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Tesco still pressuring suppliers who are reluctant to complain

| Supplier news

Just days after the Groceries Code Adjudicator launched an investigation into Tesco’s supplier relationships, reports over the weekend have revealed that the supermarket group is still demanding that suppliers cut prices to reflect the falling price of raw materials or face being taken off the shelves if they refuse to comply.

According to emails seen by the Sunday Times, suppliers are being sent an analysis of raw material costs which conclude with a demand for a price reduction. It has been reported in recent months that Tesco is renegotiating its deals with thousands of suppliers as part of efforts to improve its competitiveness and this latest report suggests that it is still be demanding cuts from some. Those suppliers that have refused to reduce prices have reportedly received a reply from the retailer that it would review whether it would continue stocking their products. One supplier said Tesco had asked for a 10% price cut and that other supermarkets had not made such demands.

A Tesco spokesman responded, saying: “We work with over 3,000 suppliers across the UK and hold regular discussions with them on how to provide the best products and great value for customers.”

Tesco’s new Chief Executive Dave Lewis has vowed to improve its relationships with suppliers in the wake of last year’s accounting scandal. Groceries Code Adjudicator (GCA) Christine Tacon last week launched a review into Tesco's practices amid concerns that the retailer has breached the Groceries Supply Code of Practice. She took the decision after considering information submitted to her relating to practices associated with the profit over-statement. Tacon has discussed the practices with Tesco and is now calling more evidence from direct suppliers and others to determine what further action to take.  The investigation will particularly focus on delays in payments.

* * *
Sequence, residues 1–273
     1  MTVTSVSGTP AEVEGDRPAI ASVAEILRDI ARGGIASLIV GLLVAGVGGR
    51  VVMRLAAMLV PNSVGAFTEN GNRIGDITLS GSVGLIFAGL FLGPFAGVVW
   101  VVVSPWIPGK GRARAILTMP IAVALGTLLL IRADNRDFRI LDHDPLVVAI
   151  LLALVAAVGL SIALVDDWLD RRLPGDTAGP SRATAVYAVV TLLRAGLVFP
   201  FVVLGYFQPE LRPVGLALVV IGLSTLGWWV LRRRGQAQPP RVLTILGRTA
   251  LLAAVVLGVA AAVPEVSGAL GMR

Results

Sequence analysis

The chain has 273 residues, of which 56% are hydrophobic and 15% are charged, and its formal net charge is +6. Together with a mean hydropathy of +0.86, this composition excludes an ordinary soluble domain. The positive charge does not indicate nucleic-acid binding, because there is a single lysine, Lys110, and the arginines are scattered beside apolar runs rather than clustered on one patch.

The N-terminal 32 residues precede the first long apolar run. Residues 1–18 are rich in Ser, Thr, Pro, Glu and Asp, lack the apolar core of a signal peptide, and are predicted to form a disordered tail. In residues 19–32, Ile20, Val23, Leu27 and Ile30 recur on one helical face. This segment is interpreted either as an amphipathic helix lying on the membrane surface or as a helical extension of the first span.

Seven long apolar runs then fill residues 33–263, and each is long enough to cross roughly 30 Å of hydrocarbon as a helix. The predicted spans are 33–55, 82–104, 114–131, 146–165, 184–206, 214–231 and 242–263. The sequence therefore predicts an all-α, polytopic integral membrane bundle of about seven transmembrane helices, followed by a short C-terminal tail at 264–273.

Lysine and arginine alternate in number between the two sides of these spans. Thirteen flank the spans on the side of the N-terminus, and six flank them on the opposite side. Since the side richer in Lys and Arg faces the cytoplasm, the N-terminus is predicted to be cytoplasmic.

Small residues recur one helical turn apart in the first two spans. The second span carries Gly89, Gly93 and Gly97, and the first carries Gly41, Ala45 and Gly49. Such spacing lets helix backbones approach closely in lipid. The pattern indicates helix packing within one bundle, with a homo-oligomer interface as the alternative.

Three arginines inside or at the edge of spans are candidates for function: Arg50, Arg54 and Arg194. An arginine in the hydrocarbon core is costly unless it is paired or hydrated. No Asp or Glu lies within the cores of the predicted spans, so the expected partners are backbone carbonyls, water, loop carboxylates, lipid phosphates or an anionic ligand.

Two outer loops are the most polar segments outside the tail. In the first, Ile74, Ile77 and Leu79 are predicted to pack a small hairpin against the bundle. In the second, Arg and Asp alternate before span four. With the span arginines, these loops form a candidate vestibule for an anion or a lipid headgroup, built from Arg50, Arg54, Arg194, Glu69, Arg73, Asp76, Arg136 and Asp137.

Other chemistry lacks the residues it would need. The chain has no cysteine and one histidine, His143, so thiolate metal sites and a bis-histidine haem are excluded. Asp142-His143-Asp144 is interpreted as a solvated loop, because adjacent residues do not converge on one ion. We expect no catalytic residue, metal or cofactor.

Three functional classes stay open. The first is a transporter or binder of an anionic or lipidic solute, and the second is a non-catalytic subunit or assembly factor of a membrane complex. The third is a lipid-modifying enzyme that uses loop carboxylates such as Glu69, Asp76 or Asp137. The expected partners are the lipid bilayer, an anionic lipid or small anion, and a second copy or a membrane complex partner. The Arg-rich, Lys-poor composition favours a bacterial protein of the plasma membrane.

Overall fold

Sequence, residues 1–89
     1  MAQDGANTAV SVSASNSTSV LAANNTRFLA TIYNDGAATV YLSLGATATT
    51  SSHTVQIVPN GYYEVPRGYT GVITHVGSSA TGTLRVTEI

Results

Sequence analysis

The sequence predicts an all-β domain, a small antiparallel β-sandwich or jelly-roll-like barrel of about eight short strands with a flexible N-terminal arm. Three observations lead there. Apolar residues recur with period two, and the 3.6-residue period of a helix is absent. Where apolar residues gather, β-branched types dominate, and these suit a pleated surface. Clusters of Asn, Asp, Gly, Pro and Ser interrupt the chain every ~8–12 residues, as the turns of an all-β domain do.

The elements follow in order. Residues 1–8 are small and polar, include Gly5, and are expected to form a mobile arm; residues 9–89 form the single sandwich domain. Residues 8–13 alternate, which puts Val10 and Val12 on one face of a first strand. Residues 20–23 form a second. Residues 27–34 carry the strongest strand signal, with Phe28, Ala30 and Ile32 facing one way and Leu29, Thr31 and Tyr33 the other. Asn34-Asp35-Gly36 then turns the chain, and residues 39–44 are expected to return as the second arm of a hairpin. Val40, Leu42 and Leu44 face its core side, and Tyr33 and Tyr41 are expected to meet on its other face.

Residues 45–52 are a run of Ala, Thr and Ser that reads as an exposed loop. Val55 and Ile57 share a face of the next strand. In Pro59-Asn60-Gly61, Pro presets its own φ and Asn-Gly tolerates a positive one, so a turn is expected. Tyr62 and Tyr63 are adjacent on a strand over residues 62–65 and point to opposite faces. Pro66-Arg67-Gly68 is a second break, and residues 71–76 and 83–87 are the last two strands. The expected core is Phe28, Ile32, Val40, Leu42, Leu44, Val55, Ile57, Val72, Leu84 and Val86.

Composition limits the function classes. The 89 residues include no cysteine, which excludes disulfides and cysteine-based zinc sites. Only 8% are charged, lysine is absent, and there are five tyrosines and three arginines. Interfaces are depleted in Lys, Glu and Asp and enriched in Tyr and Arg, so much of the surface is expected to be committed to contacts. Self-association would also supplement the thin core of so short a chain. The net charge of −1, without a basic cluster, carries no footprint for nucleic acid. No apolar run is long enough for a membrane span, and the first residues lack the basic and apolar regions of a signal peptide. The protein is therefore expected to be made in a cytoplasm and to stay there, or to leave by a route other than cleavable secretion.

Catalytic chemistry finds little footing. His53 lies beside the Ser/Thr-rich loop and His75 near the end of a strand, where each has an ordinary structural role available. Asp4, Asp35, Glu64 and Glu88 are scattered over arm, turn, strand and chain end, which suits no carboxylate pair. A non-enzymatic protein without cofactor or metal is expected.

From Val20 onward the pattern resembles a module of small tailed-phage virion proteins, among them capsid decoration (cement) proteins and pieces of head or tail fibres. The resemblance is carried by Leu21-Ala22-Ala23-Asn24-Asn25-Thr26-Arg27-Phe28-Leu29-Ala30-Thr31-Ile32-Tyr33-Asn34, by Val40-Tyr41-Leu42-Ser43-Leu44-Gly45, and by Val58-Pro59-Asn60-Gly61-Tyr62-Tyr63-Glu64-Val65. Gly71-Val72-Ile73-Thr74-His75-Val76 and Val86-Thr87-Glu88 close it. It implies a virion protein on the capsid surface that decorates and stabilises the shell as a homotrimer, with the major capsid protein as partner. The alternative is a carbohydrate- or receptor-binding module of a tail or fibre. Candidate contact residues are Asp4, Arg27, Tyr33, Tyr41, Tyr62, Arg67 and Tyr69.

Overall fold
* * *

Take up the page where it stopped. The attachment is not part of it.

However, a recent survey by the GCA has shown that the suppliers are reluctant to complain of bullying by supermarket buyers out for fear of reprisals, making it difficult to gather evidence. The data published in The Guardian shows only 45 of 128 suppliers approached responded to the survey, which sought to establish how they were faring under the new regulatory regime. The majority of those said they did not think retailers had changed their practices in the past six months.

Nearly half of those who responded said they had suffered incorrect deductions from invoices, the most common complaint. The next most frequent problem, experienced by 44% of respondents, was a disputed demand for charges, which could be backdated for up to six years, or for a lump sum payment higher than previously agreed…for more, see The Guardian website
 

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